In the normal mode of operation, the file names on the command line (except for the arguments to the various command-line options) are loaded before Chez Scheme begins interacting with the user. Each of the expressions in the loaded files is executed just as if it were typed by the user in response to a prompt. If you wish to load a set of definitions each time, consider setting up a shell script to load the file “.schemerc” from your home directory:

chez ${HOME}/.schemerc $*

If you have a substantial number of definitions to load each time, it might be worthwhile to compile the .schemerc file (that is, compile the definitions and name the resulting object file .schemerc).

Typically, a Scheme programmer creates a source file of definitions and other Scheme forms using an editor such as vi(1) or emacs(1) and loads the file into Scheme to test them. The conventional filename extension for Chez Scheme source files is .ss. Such a file may be loaded during a session by typing (load “filename”), or by specifying the filename on the command line as mentioned above. Any expression that may be typed interactively may be placed in a file to be loaded.


When the “--script” option is used, the named file is treated as a Scheme shell script, and the script name and remaining command-line arguments are made available via the parameter “command-line”. To support executable shell scripts, the system ignores the first line of a loaded script if it begins with #! followed by a space or forward slash. For example, the following script prints its command-line arguments.

#! /usr/bin/chez --script
(lambda (x) (display x) (newline))
(cdr (command-line)))


The “--program” option is like the “--script” option except that the script file is treated as an RNRS top-level program. The following RNRS top-level program prints its command-line arguments, as with the script above.

#! /usr/bin/chez --program
(import (rnrs))
(lambda (x) (display x) (newline))
(cdr (command-line)))

“scheme-script” may be used in place of “scheme --program”, possibly prefixed by “/usr/bin/env” as suggested in the nonnormative R6RS appendix on running top-level programs as scripts, i.e., the first line of the top-level program may be replaced with the following.

#! /usr/bin/env chez-script

If a top-level program depends on libraries other than those built into Chez Scheme, the “--libdirs” option can be used to specify which source and object directories to search. Similarly, if a library upon which a top-level program depends has an extension other than one of the standard extensions, the “--libexts” option can be used to specify additional extensions to search.

These options set the corresponding Chez Scheme parameters library-directories and library-extensions. The values of both parameters are lists of pairs of strings. The first string in each library-directories pair identifies a source-file root directory, and the second identifies the corresponding object-file root directory. Similarly, the first string in each library-extensions pair identifies a source-file extension, and the second identifies the corresponding object-file extension. The full path of a library source or object file consists of the source or object root followed by the components of the library name prefixed by slashes, with the library extension added on the end. For example, for root /usr/lib/scheme, library name (app lib1), and extension .sls, the full path is /usr/lib/scheme/app/lib1.sls.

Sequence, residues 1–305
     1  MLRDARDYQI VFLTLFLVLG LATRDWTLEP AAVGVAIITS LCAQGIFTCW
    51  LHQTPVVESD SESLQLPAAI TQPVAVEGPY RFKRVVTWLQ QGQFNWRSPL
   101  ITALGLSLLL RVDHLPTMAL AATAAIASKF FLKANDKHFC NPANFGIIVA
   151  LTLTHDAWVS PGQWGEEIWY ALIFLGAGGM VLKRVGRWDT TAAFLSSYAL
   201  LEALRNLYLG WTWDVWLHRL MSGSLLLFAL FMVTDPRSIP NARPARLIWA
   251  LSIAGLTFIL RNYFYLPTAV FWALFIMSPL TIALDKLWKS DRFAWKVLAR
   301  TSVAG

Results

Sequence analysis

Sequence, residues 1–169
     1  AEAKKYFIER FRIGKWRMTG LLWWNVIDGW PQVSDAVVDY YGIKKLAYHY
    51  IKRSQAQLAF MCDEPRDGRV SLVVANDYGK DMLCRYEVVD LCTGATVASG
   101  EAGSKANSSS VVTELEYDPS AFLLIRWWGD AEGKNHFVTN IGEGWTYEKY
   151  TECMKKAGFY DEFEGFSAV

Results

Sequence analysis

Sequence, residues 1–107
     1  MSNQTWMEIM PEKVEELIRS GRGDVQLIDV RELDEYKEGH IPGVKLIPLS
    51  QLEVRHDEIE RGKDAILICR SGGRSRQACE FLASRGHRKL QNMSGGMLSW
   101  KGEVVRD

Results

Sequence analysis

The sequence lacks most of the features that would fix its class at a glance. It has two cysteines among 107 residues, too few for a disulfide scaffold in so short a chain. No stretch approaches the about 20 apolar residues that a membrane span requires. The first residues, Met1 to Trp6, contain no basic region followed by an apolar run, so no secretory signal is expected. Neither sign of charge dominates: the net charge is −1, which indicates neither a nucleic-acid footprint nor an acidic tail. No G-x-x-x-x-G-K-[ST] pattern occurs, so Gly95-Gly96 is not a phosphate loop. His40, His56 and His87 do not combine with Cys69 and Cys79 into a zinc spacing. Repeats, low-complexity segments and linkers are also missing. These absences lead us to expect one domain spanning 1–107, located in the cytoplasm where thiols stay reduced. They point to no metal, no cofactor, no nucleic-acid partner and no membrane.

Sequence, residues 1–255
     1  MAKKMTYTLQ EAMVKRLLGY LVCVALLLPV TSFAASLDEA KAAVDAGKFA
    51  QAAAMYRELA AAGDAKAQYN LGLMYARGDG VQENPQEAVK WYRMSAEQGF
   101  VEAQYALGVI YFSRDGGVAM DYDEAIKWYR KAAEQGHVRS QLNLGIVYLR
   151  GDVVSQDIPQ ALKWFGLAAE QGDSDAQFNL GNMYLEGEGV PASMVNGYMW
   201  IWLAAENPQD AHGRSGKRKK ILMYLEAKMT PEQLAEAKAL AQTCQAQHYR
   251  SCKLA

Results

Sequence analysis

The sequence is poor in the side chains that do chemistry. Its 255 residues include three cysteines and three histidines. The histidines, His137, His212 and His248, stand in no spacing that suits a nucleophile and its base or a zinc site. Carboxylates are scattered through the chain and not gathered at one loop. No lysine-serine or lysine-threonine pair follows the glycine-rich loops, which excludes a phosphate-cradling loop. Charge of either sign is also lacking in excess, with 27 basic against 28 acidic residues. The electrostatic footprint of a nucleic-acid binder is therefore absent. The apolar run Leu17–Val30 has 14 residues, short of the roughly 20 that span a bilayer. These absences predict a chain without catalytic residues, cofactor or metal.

The format of the arguments to “--libdirs” and “--libexts” is the same: a sequence of substrings separated by a single separator character. The separator character is a colon (:), except under Windows where it is a semi-colon (;). Between single separators, the source and object strings, if both are specified, are separated by two separator characters. If a single separator character appears at the end of the string, the specified pairs are added to the existing list; otherwise, the specified pairs replace the existing list. The parameters are set after all boot files have been loaded.

If multiple “--libdirs” options appear, all but the final one are ignored, and if If multiple “--libexts” options appear, all but the final are ignored. If no “--libdirs” option appears and the CHEZSCHEMELIBDIRS environment variable is set, the string value of CHEZSCHEMELIBDIRS is treated as if it were specified by a “--libdirs” option. Similarly, if no “--libexts” option appears and the CHEZSCHEMELIBEXTS environment variable is set, the string value of CHEZSCHEMELIBEXTS is treated as if it were specified by a “--libexts” option.

The library-directories and library-extensions parameters set by these options are consulted by the expander when it encounters an import for a library that has not previously been defined or loaded. The expander first constructs a partial name from the list of components in the library name, e.g., “a/b” for library (a b). It then searches for the partial name in each pair of root directories, in order, trying each of the source extensions then each of the object extensions in turn before moving onto the next pair of root directories. If the partial name is an absolute pathname, e.g., “˜/.myappinit” for a library named (˜/.myappinit), only the specified absolute path is searched, first with each source extension, then with each object extension. If the expander finds both a source file and its corresponding object file, and the object file is not older than the source file, the expander loads the object file. If the object file does not exist, if the object file is older, or if after loading the object file, the expander determines it was built using a library or include file that has changed, the source file is loaded or compiled, depending on the value of the parameter compile-imported-libraries. If compile-imported-libraries is set to #t, the expander compiles the library via compile-library (which is described below). Otherwise, the expander loads the source file. (Loading the source file actually causes the code to be compiled, assuming the default value of current-eval, but the compiled code is not saved to an object file.) An exception is raised during this process if a source or object file exists but is not readable or if an object file cannot be created.

The search process used by the expander when processing an import for a library that has not yet been loaded can be monitored by setting the parameter import-notify to #t. This parameter can be set from the command line via the “--import-notify” command-line option.